USMC Professor Leads U of T, Toronto in UNESCO Bid
Paolo Granata pilots application for Toronto to join UNESCO Creative Cities Network
Bardia Besharat CONTRIBUTOR
Julia Orsini FEATURES EDITOR
Photo by Romi Levine.
Assistant Professor Paolo Granata, coordinator of the University of St. Michael’s College (USMC) Book and Media Studies program, U of T, and the City of Toronto are working on a bid to join Montreal as the only two Canadian cities to become part of the the United Nations Educational, Scientific and Cultural Organization (UNESCO) Creative Cities Network. The bid emphasizes Toronto’s “accomplishments in the field of media arts.”
The UNESCO Creative Cities Network is a system of 116 cities in 54 different countries backed by the United Nations. This network emphasizes creativity within cities, which could help increase tourism and draw more artistic talent to Toronto. Granata has taken the lead on the application process and now holds USMC’s “Marshall McLuhan and Print Culture” Professorship.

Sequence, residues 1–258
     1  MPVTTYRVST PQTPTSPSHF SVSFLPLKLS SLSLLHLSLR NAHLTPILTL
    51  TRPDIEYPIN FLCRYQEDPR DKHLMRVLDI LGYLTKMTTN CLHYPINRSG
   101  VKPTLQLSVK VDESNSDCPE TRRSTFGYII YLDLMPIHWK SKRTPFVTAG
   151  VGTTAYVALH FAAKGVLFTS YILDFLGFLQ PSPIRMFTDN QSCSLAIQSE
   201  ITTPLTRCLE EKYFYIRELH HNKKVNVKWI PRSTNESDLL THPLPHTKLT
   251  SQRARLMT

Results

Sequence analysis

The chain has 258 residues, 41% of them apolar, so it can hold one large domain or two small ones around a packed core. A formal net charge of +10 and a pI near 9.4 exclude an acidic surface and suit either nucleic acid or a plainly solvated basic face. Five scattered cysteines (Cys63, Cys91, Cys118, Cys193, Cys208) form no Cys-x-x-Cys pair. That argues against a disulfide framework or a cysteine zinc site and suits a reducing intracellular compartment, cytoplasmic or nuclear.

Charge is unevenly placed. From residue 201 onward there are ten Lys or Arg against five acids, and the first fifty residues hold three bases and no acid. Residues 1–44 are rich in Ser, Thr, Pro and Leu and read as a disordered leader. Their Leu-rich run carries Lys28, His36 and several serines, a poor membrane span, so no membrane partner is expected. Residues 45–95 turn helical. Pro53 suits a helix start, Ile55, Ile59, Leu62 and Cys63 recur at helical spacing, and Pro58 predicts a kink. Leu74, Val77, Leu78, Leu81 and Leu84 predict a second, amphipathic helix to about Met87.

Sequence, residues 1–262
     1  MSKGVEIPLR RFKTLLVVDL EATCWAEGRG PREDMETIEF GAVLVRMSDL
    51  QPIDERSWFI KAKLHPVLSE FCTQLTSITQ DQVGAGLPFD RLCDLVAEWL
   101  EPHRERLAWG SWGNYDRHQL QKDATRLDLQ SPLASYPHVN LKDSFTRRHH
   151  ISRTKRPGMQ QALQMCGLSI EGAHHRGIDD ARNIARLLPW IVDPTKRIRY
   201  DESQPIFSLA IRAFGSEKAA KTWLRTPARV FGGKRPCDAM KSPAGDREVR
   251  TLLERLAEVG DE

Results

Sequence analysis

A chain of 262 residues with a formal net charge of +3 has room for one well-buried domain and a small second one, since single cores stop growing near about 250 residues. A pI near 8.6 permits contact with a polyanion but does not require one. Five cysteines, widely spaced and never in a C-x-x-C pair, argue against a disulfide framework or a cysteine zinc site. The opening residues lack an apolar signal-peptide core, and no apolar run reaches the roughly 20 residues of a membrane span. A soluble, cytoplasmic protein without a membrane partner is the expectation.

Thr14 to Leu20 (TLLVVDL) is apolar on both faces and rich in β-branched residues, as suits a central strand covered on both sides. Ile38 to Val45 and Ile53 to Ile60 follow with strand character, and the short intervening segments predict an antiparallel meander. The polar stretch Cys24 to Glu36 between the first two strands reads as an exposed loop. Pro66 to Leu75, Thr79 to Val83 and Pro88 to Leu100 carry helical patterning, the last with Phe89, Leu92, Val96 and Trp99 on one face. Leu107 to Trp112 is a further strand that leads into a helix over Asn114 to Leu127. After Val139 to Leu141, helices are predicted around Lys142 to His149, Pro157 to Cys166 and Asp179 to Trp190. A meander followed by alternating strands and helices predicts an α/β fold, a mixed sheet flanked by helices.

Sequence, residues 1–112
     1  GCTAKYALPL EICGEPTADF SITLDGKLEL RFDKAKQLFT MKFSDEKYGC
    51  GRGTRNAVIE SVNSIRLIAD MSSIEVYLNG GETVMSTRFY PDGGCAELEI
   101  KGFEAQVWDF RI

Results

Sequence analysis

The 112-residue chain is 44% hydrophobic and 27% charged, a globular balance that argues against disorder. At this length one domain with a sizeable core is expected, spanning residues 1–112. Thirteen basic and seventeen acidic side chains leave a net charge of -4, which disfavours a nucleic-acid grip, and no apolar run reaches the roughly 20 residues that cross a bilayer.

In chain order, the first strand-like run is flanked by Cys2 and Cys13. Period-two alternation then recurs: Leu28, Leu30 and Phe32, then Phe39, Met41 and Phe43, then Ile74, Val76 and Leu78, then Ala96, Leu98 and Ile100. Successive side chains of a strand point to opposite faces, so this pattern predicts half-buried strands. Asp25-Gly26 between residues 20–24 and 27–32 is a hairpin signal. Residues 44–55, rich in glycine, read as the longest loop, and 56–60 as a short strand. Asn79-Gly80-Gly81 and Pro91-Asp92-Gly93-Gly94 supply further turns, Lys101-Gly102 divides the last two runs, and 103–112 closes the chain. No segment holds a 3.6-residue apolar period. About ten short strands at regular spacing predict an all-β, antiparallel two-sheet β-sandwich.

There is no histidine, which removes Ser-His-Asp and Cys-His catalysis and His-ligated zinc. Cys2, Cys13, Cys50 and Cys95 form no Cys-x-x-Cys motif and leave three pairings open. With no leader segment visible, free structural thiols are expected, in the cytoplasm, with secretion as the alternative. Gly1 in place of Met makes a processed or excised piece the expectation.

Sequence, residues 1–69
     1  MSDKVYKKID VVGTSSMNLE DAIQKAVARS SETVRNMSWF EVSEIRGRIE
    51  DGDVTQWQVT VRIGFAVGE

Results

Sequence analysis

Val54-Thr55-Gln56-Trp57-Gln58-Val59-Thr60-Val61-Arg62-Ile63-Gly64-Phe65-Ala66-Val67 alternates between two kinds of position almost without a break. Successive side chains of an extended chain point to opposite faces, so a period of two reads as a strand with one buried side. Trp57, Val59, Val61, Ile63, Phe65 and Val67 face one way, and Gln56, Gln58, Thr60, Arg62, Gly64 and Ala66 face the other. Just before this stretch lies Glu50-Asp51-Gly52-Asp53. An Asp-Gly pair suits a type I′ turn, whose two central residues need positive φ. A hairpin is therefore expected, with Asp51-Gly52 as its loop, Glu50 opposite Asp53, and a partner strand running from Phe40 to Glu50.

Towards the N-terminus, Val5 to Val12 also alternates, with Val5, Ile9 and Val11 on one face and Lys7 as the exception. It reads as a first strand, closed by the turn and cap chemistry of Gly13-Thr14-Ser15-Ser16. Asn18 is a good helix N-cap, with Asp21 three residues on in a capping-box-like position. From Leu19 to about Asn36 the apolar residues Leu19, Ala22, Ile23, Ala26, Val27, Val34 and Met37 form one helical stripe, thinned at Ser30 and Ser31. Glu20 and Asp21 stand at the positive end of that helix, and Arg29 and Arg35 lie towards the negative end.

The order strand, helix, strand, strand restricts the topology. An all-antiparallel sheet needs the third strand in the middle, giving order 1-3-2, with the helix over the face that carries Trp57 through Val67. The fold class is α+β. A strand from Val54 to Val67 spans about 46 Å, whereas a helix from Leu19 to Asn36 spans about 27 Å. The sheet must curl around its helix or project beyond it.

“I see in St. Michael’s College a fertile and dynamic community where I can continue my work in an area of study which I truly love,” Granata explained to The Mike. Granata has become a vital part of Toronto’s growth as a creative capital and is now sharing his love for creativity and media with the students of USMC.
Granata also aims to create a great student experience within and beyond his classroom. “I think McLuhan’s “city-as-classroom” pedagogical approach is the perfect compliment to classroom learning and a way to help students develop their own learning interests to face the rapidly changing world. I believe that education and urban engagement play a fundamental role [in helping cities to] creatively flourish and prosper.”
Granata will continue his role in the city’s creative development through his engagement with students and their influence and appreciation of the city of Toronto.
Prior to joining USMC, Granata spent 15 years at the University of Bologna, and two years as a Visiting Professor at the McLuhan Centre for Culture and Technology in U of T. During his latter appointment, he began to develop the UNESCO application project.
While Granata’s influence and role within Toronto’s creative network is sure to in- spire students to engage more with a city teeming with creativity, the success of the bid is still to be determined.